Avoid Ghosting

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It's my personal opinion that ghosting is cowardly. Oh, it's mad disrespectful too. Maybe I feel that way because a childhood best friend did it to me. Maybe because I'm a communicator (some might even say an over-communicator). Whatever the case is, I don't like it.

If you were man enough to talk yourself into the relationship, please be man enough to verbalize your way out.

Besides, unless someone is low-key loco, I can't think of one good reason to think that going radio silent is a wise or compassionate thing to do to anyone you once cared about. Unless you didn't, which would be another article for another time.

Give Them a Bit of a Heads Up

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The only thing I hate more than ghosting is blindsiding. That said, it's so not a good look to call someone you're dating and be like, "Hey! How about we meet up for dinner?" sounding all happy 'n stuff, only to drop the bomb on them once they arrive. A heads up of what's to come is uncomfortable but it's the right thing to do. Something along the lines of, "Do you have some time this weekend? I really need to talk about our relationship" is good. If they follow it up with "What's wrong?", be honest but not super-detailed. "I've been doing some thinking about where this is going, but I think it's better to discuss it all in person." If they've got an IQ in the triple digits, they're gonna get the gist. They might even push to do it over the phone but don't agree to that. This brings me to the next point.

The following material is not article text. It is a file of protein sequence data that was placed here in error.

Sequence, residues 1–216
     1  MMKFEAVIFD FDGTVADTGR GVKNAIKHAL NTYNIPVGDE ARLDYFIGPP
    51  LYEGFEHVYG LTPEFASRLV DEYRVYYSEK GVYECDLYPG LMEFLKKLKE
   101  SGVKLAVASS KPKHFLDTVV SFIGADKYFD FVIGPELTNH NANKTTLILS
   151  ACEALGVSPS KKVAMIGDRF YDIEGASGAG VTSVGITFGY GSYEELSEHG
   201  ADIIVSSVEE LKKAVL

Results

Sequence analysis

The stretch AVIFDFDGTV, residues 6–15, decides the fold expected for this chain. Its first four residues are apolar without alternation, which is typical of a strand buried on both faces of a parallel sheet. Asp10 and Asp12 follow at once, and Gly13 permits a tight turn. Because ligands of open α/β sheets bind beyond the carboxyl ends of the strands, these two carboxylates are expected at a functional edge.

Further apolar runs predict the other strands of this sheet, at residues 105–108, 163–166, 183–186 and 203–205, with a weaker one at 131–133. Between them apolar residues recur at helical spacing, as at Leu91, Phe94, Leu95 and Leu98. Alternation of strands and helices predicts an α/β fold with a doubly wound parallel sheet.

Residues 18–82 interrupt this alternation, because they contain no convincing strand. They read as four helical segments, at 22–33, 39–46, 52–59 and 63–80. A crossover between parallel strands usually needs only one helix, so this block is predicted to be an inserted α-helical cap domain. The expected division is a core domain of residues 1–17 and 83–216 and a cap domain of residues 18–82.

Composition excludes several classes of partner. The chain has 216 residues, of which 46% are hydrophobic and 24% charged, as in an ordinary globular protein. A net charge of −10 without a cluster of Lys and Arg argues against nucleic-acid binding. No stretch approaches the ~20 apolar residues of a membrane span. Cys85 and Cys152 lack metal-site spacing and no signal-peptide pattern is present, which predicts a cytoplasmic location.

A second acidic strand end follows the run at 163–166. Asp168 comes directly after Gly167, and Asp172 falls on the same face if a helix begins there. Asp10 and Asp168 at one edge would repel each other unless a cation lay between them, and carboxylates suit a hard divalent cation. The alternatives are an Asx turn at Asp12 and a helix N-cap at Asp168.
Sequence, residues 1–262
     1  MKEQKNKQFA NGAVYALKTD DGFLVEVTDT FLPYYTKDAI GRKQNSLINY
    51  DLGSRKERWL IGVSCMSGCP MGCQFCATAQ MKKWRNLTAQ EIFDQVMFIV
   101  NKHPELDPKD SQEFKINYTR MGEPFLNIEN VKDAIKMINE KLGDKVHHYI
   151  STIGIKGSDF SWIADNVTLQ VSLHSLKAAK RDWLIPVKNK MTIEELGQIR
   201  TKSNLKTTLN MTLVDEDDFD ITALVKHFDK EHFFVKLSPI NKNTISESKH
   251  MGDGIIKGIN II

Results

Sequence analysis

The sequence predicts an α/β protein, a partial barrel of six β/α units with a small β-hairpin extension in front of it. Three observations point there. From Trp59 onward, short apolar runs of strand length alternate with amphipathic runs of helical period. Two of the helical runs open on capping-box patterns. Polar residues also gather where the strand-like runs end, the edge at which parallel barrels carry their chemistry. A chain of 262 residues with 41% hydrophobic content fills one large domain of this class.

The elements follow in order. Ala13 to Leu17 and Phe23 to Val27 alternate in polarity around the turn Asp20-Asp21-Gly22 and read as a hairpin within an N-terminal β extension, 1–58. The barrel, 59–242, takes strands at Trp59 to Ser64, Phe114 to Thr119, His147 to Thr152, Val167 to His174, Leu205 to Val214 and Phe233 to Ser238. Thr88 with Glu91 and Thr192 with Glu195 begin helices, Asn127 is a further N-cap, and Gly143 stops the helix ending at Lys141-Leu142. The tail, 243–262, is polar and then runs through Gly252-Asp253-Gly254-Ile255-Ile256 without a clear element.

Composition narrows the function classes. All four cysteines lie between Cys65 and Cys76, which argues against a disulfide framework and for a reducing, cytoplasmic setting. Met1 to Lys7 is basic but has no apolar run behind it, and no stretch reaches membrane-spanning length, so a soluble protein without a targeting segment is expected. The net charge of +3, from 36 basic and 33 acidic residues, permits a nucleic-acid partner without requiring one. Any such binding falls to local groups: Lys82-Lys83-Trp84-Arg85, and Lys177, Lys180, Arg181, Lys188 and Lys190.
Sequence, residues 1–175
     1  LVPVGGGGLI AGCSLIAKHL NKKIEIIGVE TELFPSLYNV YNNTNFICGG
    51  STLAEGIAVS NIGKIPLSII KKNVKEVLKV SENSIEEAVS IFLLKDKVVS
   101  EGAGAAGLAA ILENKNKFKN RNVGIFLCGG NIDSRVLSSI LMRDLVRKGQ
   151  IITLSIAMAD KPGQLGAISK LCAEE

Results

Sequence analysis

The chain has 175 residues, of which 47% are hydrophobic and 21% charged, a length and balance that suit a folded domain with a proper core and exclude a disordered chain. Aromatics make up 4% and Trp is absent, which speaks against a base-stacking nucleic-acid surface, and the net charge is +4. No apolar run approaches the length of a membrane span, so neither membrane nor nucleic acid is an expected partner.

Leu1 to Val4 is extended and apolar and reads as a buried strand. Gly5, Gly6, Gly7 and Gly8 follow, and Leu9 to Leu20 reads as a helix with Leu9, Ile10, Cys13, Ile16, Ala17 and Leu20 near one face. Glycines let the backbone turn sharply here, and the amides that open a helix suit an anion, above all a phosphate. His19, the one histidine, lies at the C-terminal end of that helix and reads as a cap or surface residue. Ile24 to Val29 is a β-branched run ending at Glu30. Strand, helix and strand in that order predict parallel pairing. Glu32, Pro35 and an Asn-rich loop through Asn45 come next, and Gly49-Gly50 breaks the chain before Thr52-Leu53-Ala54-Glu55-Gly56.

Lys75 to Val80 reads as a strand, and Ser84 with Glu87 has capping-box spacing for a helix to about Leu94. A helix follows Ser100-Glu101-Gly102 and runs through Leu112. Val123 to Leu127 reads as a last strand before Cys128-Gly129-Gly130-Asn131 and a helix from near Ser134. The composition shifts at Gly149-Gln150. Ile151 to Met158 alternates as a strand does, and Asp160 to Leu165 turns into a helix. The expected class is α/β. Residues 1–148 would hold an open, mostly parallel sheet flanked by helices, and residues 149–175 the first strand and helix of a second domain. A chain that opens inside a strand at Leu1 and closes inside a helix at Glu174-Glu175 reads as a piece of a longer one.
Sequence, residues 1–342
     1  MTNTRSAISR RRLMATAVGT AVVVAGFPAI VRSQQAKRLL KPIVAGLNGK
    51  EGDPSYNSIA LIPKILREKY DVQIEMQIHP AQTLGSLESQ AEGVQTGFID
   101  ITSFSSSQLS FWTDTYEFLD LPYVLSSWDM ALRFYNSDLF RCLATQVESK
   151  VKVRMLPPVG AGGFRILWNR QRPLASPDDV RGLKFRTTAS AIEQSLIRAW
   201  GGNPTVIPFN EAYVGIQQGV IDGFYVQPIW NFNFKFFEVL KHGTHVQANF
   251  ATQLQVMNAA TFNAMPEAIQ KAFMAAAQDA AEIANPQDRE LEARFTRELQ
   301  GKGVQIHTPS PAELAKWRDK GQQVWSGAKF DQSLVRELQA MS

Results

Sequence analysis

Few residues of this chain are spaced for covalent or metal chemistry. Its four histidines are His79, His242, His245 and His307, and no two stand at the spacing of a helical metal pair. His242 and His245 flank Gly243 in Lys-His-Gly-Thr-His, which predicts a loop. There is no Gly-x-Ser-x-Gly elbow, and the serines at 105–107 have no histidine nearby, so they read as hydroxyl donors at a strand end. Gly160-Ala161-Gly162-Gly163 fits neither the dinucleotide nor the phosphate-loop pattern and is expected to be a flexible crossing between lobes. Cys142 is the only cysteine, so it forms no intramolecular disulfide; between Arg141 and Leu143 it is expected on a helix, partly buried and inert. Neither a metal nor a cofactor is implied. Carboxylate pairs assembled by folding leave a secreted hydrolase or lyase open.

Do It in Person

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There's a guy I know who is in his 40s and completely notorious for breaking things off with women in text. It doesn't matter if she was his girlfriend for two years or a jump-off for five (he's quite the "recycler" too), according to him, when he's done, he's done and the courtesy (?!) of a text should be enough. When I gave him push back on that, he said, "Shellie, my showing up at their house to look them in the eye isn't gonna change things. I'll just stand on their porch, read the text verbatim and leave." Ugh. Sounds to me like 1) he doesn't want to deal with the fallout of break-ups (which is why he's texting in the first place) and 2) at the very least, he is super-emotionally immature and/or narcissistic.